“Where,” you may ask?
“Athens, Greece? Athens, Georgia?”
Daydreams of visiting the juried art quilt exhibit wafted into my consciousness every other year since I moved back to the US. Thanks to a flash sale on Southwest Airlines, the daydream popped into reality. Could I travel from Boston to Athens and back in a day? Yes. Should I? Without an ounce of research, I booked a two day trip and went back to work.
Two days before departure, it hit me: this week is Athens dream trip! I knew that Athens was 74 miles south east of Columbus. I knew there was Jenis ice cream in Columbus. But Athens? What do the people who live there cherish?
Calls to the Twittersphere yielded zippo (guess I should have asked everyone to retweet my request!). The Dairy Barns Art Center (the venue for Quilt National) sent me to the Athens County Visitor’s Bureau. I surfed over to the Wikipedia Athens, Ohio page and the snowball grew. Remembering that the SAQA Earth Stories Exhibit was also in town, it didn’t take long to create my Tactile Travels list.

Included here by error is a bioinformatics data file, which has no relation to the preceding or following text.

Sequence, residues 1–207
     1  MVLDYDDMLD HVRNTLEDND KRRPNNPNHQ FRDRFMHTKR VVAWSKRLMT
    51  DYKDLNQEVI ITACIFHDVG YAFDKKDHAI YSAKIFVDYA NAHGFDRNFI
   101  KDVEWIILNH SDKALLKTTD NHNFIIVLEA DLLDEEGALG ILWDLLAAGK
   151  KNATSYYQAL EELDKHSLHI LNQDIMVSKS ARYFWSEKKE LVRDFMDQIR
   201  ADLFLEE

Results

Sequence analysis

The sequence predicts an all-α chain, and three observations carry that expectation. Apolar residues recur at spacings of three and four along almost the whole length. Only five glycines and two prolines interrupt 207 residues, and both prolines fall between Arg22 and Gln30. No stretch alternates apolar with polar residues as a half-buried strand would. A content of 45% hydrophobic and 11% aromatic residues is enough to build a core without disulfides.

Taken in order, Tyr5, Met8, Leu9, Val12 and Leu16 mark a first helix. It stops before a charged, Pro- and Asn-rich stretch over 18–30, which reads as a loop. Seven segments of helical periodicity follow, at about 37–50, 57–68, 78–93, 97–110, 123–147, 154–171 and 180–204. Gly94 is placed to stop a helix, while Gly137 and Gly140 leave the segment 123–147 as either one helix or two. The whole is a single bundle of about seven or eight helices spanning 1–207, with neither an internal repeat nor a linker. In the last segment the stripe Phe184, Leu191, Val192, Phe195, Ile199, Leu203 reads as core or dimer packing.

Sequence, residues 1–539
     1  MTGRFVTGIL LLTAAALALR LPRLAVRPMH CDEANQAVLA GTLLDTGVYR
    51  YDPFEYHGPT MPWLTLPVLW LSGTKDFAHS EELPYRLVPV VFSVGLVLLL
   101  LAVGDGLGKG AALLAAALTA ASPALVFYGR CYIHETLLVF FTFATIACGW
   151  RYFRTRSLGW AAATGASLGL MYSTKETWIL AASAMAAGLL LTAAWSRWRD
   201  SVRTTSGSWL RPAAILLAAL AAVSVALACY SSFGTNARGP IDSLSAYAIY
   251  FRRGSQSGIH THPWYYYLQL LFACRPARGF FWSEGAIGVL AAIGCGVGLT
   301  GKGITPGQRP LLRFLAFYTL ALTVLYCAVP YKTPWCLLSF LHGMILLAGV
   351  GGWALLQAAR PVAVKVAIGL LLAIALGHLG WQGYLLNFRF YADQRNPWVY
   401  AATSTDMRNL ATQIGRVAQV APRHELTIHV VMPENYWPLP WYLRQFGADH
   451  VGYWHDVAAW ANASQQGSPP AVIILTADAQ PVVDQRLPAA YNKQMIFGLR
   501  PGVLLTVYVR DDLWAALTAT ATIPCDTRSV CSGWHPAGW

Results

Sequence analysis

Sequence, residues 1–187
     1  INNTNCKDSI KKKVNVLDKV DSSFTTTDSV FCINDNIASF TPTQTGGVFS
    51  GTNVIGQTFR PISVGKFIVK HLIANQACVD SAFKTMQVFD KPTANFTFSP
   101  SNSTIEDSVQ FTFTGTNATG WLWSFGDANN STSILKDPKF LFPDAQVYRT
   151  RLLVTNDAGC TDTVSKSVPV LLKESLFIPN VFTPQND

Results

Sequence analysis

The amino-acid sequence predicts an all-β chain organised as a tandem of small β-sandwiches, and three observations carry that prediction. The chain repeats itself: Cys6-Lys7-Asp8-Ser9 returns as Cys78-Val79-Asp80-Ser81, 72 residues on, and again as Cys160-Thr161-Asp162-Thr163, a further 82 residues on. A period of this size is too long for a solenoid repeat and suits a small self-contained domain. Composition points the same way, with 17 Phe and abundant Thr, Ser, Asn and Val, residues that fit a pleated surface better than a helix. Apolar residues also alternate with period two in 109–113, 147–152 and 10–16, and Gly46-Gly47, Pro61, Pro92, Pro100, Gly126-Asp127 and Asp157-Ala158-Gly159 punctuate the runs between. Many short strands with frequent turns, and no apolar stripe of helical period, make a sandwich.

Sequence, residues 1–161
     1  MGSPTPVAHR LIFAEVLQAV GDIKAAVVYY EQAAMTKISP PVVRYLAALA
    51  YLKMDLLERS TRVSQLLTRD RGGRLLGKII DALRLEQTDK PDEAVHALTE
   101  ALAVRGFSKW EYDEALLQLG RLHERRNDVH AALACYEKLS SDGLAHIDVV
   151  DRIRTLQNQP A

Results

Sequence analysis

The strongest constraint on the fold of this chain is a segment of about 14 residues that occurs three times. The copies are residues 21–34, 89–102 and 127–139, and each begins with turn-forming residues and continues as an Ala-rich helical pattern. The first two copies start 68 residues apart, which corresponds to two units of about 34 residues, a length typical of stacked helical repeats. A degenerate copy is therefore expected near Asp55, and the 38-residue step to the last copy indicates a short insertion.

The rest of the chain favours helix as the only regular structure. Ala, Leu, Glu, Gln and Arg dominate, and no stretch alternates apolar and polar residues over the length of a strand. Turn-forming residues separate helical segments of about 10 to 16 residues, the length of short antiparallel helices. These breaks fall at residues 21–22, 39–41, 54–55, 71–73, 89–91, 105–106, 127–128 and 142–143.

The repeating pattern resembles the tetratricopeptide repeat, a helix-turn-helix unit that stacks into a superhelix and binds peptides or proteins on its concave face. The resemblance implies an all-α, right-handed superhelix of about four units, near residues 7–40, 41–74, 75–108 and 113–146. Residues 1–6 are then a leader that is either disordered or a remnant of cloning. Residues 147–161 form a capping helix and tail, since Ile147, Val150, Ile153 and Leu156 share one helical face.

- Visit Quilt National and SAQA Earth Stories Exhibit
- Shop the Athens Farmer’s Market
- Try paw paw fruit
- Hang out with local knitters
- Enjoy bike paths and National Forest lands
The Athens Farmer’s Market pops up three times a week during the summer. A laid back, friendly vibe emanates from the tents lined up in a mall parking lot at the end of Athens’ big box strip. I’d hoped to feed two birds with one crumb by checking out the wide range of local food providers and get myself some paw paw fruit from Integration Acres. Picking up raspberry jam, a couple of apples and chèvre from Creekside Farms, I left armed with snacks but no paw paw fruit (Integration Acres is only at the farmer’s market on Saturdays). Never fear, the local Kroger’s should have paw paw, I heard.